[May 18 2021]
text by PABLO LEÓN DE LA BARRA
hair and make-up by MARIPILI SENDEROS
model SHEILY JIMÉNEZ
ACAPULCO HAS BEEN a continuous reference in my life, partly for personal reasons—I first saw the ocean from Acapulco, and it was first the place I swam in the sea—and partly for my research on a particular tropical modernism that flourished there. For a long time I’d heard about a house, called La Cañada, built by architect Enrique del Moral, which had belonged to actress Dolores del Rio, a Hollywood silent-film star in the 30s. It was supposed to be located in Mozimba, a neighbourhood north of the bay that was never quite developed. I’d been asking around about this house, and didn’t even know if it still existed.
Originally built in 1944 for the Yturbe family, an old, aristocratic Mexican family, who wanted to differentiate themselves from the vulgar nouveau-riche of the new political elite who had held power since the Revolution of the 1910-20s. La Cañada was outfitted with amazing furniture by Cuban modernist designer Clara Porset, and was one of the first examples of a local vernacular that combined traditional Acapulco architecture with modern styles. Instead of a flat concrete roof, like the Palm Springs international style, the house had a slanted roof covered with ceramic tiles. This vernacular modernism became with distinction and dignity, and represented a sober, dying synonymous class. It had stone floors, wooden beams and a special area for hammocks. The social areas were under one roof in an open-plan. Instead of window panes, wooden shutters framed the views and let in cross ventilation. La Cañada became an enclave of resistance to a new world order in which its owners no longer fit.
Meanwhile, for the new political class, Acapulco became the international showcase for the progressive modernization of Mexico. With the Support of President Miguel Aleman port development continued Southward with the construction of a boulevard the length of Acapulco’s bay (later named after Aleman) and a new airport in Revolcadero—although not northward toward Mozimba and Pie de la Cuesta. Acapulco’s old airport, in Pie de la Cuesta, became a military airport from which, it is said, after the 1968 revolts in Mexico City small planes departed with the bodies of soon-to-be “missing persons” whom they threw into the sea.
It is also said that President Aleman acquired vast properties of land, ensuring that he and his family would never suffer from future deprivations. The international jet set settled in the hills of las Brisas on the other end of the bay, while high-rise towers for tourism blossomed in the bay during the 60s and 70s.
According to popular myth Dolores del Rio lived in La Cañada during the 40s with her lover Orson Wells (who said she was the most exciting woman he’d ever met). But it was actually not until the 1970s that she retired there for a few years with her husband Lew Riley. Somewhat like the Salma Hayek of her times, Dolores had had a triumphant Hollywood career until the end of the silent movie era, when her accent made it difficult for her to continue working. She returned to Mexico in the 40s, where her career was relaunched by director Emilio “el Indio” Fernandez, with whom she made classics like Maria Candelaria, 1944, and Las Abandonadas, 1945. Perhaps because of its from the jet-setters of Acapulco in the 70s del Rio chose La Cañada to be her retirement Shangri-la, a place where time had stopped. But her paradise didn’t last long. An intimate friend, a rich location away heiress named Margarita, was kidnapped and murdered in the port, after which she sold the house and never returned. She died in April 1983 in Laguna Beach, California.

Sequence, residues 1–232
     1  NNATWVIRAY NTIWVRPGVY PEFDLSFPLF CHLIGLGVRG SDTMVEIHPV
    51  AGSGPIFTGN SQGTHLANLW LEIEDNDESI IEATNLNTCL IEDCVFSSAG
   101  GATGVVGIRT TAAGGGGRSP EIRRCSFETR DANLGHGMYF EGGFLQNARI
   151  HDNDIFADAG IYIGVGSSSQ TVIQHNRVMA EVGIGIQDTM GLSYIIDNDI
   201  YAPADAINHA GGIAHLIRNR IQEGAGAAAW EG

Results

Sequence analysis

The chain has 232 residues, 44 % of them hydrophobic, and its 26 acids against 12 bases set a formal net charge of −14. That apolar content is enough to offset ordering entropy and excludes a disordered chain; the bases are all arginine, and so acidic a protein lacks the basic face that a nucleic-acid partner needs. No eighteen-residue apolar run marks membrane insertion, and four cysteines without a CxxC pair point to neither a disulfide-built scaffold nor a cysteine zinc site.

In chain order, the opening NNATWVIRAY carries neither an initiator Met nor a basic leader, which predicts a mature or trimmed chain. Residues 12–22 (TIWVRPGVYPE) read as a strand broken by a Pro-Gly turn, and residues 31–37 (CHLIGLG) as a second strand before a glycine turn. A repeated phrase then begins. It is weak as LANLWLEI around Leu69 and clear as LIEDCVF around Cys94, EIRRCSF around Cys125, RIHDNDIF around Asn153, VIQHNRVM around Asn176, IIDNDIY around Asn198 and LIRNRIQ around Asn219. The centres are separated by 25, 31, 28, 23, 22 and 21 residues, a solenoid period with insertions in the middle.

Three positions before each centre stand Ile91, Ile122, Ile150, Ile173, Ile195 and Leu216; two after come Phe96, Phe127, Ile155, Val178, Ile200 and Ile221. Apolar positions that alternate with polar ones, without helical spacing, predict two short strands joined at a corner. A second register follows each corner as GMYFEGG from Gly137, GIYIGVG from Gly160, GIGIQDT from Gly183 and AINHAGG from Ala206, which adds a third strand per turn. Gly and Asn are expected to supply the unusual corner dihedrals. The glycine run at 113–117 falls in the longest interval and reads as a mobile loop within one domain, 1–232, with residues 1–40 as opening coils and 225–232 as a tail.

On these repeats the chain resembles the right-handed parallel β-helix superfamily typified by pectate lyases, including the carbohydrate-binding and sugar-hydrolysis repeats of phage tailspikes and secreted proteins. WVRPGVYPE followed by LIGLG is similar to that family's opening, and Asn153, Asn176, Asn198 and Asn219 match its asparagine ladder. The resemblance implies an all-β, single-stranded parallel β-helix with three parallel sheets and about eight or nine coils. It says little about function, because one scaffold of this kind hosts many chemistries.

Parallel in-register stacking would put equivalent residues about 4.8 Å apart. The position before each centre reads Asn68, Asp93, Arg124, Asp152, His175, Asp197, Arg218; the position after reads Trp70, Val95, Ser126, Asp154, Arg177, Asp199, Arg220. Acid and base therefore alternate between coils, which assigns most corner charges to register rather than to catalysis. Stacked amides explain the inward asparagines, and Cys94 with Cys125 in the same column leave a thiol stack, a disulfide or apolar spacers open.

It wasn’t until, 2001, while lying on the nearby beach of Pie de la Cuesta (where some of the most amazing sunsets of Acapulco occur), that Vanesa Fernandez—editor of the Mexican magazine Celeste—remembered that her family had a house in Acapulco where she had once been as a child. Driving her jeep up the steep hills of Mozimba, Vanesa, with her husband Aldo and their daughter Maria, they managed to locate La Cañada. There they found Leonel, the old butler who had served Dolores del Rio, and had been in the house since Vanesa’s wealthy grandmother bought it 26 years ago, after del Rio’s departure. Many of Acapulcos houses haven’t been visited by their owners in years. Leonel had been sleeping in a hammock in the open living room for close to two decades, waiting for the return of the family. In 2003 Vanesa and Aldo restored the house to its original glory, a monument to a forgotten time.
When I told my father I was going to Acapulco to write a text about La Cañada he told me something I didn’t know: in 1971 he and my mother had been invited by the Yturbe’s to celebrate their first wedding anniversary. It was there my mother tasted a raw fish dish called ceviche for the first time, and where I was probably conceived.
Special thank you to Vanesa Fernandez, Aldo Chaparro, Jose Garcia Torres, Jennifer Johnson and Paola Iloria